The California Assembly has approved a bill to legalize marijuana cafes in the state; the body sent the bill to Governor Gavin Newsom’s desk for his signature. Bill AB 374 would allow recreational cannabis dispensaries to provide customers with noncannabis drinks and foods as long as they receive approval from local authorities.
Senate lawmakers received the measure from assemblymembers, made slight amendments, and approved it in a 33 to 3 vote nearly one week ago before sending it back to the assembly for a concurrence vote. The assembly voted in favor of the amended cannabis cafe bill just a few days after receiving it from the Senate in a 48 to 7 vote, putting it on track to becoming a law if it receives Governor Newsom’s signature.
Assemblymember Matt Haney introduced the measure and envisioned it going through a relatively quick concurrence vote due to “strong bipartisan support.”
While lawmakers in the state recently concluded working on marijuana cafe legislation, California has a grey market populated with businesses that found legal workarounds to provide cannabis for on-site consumption while providing food for guests. If Newsom signs the measure into law, entrepreneurs with authorization from local governments will be able to prepare and sell nonmarijuana soft drinks and foods to customers at retail establishments.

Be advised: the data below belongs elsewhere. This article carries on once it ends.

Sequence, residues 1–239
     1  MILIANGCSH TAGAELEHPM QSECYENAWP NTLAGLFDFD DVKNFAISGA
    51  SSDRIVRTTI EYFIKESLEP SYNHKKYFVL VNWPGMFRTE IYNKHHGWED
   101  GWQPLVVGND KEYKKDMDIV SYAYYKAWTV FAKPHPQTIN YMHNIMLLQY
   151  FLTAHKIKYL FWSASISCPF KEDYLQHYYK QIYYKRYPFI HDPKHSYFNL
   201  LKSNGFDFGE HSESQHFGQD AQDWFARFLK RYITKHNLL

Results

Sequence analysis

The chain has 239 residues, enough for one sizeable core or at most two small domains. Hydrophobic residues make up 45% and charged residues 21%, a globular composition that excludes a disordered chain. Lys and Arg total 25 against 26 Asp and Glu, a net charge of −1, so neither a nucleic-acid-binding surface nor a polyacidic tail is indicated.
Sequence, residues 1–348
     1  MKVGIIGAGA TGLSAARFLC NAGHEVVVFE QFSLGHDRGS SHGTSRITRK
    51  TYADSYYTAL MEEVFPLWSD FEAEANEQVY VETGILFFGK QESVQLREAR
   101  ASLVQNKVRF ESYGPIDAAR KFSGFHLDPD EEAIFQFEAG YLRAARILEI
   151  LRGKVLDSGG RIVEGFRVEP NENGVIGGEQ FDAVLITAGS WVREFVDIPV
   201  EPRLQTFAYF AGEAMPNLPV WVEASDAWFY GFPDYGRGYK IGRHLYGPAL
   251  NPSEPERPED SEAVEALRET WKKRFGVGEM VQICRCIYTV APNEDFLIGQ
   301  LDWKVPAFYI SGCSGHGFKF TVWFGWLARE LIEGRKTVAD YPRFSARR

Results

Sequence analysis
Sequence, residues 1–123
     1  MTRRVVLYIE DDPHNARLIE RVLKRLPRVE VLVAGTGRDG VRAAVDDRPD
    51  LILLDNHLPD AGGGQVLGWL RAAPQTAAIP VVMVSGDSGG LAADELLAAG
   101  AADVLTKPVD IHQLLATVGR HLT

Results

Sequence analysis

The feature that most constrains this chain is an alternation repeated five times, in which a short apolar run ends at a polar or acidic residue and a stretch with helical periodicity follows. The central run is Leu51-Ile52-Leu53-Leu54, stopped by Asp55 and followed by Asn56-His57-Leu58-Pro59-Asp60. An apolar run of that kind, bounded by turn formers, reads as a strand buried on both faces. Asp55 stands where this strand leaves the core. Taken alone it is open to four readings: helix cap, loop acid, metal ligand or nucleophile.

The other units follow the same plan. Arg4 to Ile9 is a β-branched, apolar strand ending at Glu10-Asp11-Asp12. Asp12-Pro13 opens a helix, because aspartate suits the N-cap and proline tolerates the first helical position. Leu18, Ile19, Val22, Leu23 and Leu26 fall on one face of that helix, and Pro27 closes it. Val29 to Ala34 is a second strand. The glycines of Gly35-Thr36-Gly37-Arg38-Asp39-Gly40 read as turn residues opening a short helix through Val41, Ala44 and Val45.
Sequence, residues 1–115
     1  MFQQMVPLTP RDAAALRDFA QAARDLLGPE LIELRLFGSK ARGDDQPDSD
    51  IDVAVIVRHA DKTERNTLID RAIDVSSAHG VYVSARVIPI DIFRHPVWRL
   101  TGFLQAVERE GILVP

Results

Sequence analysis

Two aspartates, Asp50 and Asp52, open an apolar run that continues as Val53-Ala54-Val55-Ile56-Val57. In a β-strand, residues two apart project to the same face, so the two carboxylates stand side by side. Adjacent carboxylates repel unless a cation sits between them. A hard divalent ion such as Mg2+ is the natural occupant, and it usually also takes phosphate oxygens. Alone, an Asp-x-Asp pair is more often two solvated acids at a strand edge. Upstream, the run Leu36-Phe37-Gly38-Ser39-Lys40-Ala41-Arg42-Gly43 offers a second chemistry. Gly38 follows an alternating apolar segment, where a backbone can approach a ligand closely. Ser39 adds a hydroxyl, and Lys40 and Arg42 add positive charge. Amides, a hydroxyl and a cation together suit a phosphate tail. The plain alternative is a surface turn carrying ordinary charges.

Haney’s bill would legitimize the industry while prohibiting smoking tobacco and the sale of alcoholic beverages at marijuana cafes. It would also allow cannabis lounges to hold live performances of different varieties and sell tickets to these events.
Although microbusinesses and retailers would have the authority to sell freshly prepared drinks and foods, only retailers would be allowed to sell prepackaged food to customers, keeping the cannabis cafe rules in line with policies adopted by the California Department of Cannabis Control (DCC) in late 2022. Senate lawmakers amended the cannabis cafe bill to make it clear that it prohibits the sale of hemp-based foods and drinks at marijuana cafes by clarifying that it does not consider such products to be “noncannabis” products. The measure also states that cannabis cafes should store and display noncannabis items separately and distinctly from any cannabis products on site.
California legalized recreational cannabis in late 2016 and quickly built up the largest recreational marijuana market in the world. Cannabis retailers in the state generate billions of dollars in revenue every year, and even though marijuana sales declined last year, California‘s cannabis market had a $2.2 billion valuation in 2022.
The regulatory change allowing cannabis cafes to operate in California is likely to be copied in other jurisdictions where marijuana is legal for adult use. As a result, companies such as Curaleaf Holdings Inc. (CSE: CURA) (OTCQX: CURLF) could find themselves having to adjust to this reality in the markets where they operate.
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